The dairy industry is not happy with Canada’s new food guide, but Canadians are the winners now.
A Dairy industry representative said: “…any drastic change to the food rules would harm a sector still reeling from concessions granted in recent trade agreements.”
But was it ever fair for a guide meant to promote healthy eating to instead protect the profits of a business sector? Thankfully, our Minister of Health allowed Health Canada to work free from industry influence this time.
This article reports: “…scientists such as Dr. Walter Willett, a Harvard nutrition expert (who comes from a long line of dairy farmers) has argued humans have no nutritional requirement for animal milk whatsoever. Last week, a team of international scientists said a “planetary diet” — drastically low in red meat and high in legumes (beans and lentils) — could save millions of lives and the planet.”
“Humans have no nutritional requirement for animal milk whatsoever.”
These statements are coming from scientists, not animal advocates or environmentalists.
In compiling the new guide, Dr. Hasan Hutchinson from Health Canada said: “We were very clear that when we were looking at the evidence base that we were not going to be using reports that have been funded by industry as well.”
Consider this; in the previous food guide, which was widely believed to have been influenced by animal agriculture, cultural groups that did not have a history of using dairy were still advised to include portions of dairy products each day.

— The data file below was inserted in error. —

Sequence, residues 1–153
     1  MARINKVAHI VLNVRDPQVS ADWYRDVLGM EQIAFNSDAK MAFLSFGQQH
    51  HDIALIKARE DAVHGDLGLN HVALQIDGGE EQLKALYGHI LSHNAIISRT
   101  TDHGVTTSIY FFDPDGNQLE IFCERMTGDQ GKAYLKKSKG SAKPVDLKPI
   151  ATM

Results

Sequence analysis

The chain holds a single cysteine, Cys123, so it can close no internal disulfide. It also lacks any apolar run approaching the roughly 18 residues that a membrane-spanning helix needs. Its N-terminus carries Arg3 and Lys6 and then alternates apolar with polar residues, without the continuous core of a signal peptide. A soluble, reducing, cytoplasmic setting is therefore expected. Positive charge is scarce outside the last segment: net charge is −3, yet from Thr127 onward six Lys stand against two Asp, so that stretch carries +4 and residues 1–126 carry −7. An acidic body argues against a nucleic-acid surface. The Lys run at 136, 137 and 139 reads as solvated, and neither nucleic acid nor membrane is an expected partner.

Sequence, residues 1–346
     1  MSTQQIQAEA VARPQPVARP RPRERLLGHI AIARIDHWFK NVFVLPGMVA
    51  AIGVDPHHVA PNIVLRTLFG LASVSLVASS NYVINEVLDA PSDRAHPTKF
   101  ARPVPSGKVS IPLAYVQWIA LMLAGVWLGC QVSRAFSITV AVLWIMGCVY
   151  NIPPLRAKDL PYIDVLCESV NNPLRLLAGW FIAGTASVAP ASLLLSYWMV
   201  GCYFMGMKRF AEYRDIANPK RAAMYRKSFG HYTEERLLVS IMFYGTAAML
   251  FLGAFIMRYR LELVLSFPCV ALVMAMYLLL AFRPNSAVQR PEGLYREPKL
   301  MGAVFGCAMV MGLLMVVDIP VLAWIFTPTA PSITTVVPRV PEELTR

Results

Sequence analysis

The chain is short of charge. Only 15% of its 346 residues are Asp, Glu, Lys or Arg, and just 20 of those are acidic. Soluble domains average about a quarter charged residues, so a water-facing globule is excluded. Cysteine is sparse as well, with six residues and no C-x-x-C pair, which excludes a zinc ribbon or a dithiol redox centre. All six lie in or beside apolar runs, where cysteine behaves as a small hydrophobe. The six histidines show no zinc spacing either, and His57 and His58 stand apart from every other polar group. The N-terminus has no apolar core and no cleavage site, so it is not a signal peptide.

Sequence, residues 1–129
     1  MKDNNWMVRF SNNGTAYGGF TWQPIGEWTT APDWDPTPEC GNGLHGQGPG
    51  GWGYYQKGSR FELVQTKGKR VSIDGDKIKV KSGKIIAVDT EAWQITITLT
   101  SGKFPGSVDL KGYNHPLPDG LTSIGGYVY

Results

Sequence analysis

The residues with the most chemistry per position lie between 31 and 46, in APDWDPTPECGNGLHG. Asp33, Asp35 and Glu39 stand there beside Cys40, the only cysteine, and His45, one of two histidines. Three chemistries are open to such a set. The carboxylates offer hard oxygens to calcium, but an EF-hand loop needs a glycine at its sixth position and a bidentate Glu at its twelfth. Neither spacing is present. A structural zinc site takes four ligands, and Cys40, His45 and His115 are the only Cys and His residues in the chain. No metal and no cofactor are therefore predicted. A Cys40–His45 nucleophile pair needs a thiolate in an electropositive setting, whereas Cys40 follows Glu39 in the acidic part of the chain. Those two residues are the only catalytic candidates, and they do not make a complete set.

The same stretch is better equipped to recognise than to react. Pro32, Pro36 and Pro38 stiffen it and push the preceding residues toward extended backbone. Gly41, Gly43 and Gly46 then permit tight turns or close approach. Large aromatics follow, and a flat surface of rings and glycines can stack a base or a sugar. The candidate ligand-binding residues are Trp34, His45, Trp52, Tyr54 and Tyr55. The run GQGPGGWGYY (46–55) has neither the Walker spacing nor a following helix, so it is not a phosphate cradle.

And, people who live in remote regions of the country were led to believe that they needed to serve dairy each day to their families, even though they had to pay high prices for dairy products – seemingly to prop up profitable dairy businesses in other regions.
The new guide does include animal-based proteins as possible protein choices, but they are no longer listed as separate, required categories.
This means vegans and those wishing to reduce their intake of animal products no longer have to face push-back from healthcare professionals who rigidly followed the old, industry-influenced food guide.
A total of approximately 6.5 million Canadians (20% of the population) are actively reducing, or completely eliminating, their consumption of meat, according to a study conducted by Dalhousie University and the University of Guelph. The researchers were interested in discovering how Canadians were responding to the 2019 Canada Food Guide—which de-emphasizes the consumption of meat and dairy, instead recommending that Canadians focus on plant-based sources of protein.
The researchers uncovered that 1.3 million people in Canada now identify as vegetarian and 466,000 as vegan, both representing the highest numbers in those categories recorded in Canada. The majority of the vegetarian population is male while the majority of the vegan population is female and the bulk of each category is comprised of people under the age of 39. In February, several regions in Canada reported tofu shortages as a result of the new Food Guide.